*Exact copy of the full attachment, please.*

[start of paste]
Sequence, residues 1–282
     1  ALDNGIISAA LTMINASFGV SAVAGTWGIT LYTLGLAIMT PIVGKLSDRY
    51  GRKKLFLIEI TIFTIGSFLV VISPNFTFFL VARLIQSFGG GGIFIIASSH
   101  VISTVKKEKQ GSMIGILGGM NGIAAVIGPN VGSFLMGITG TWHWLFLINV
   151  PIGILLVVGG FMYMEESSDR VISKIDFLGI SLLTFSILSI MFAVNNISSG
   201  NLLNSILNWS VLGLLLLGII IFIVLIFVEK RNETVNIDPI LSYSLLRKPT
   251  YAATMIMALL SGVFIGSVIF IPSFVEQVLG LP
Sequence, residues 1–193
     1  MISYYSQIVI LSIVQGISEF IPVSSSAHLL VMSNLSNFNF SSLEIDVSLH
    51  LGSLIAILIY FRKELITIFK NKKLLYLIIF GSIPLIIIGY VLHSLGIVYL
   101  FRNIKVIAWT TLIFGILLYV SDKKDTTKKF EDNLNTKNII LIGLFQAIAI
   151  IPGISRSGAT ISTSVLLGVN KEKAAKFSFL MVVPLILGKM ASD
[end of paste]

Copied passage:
Sequence, residues 1–282
     1  ALDNGIISAA LTMINASFGV SAVAGTWGIT LYTLGLAIMT PIVGKLSDRY
    51  GRKKLFLIEI TIFTIGSFLV VISPNFTFFL VARLIQSFGG GGIFIIASSH
   101  VISTVKKEKQ GSMIGILGGM NGIAAVIGPN VGSFLMGITG TWHWLFLINV
   151  PIGILLVVGG FMYMEESSDR VISKIDFLGI SLLTFSILSI MFAVNNISSG
   201  NLLNSILNWS VLGLLLLGII IFIVLIFVEK RNETVNIDPI LSYSLLRKPT
   251  YAATMIMALL SGVFIGSVIF IPSFVEQVLG LP
Sequence, residues 1–193
     1  MISYYSQIVI LSIVQGISEF IPVSSSAHLL VMSNLSNFNF SSLEIDVSLH
    51  LGSLIAILIY FRKELITIFK NKKLLYLIIF GSIPLIIIGY VLHSLGIVYL
   101  FRNIKVIAWT TLIFGILLYV SDKKDTTKKF EDNLNTKNII LIGLFQAIAI
   151  IPGISRSGAT ISTSVLLGVN KEKAAKFSFL MVVPLILGKM ASD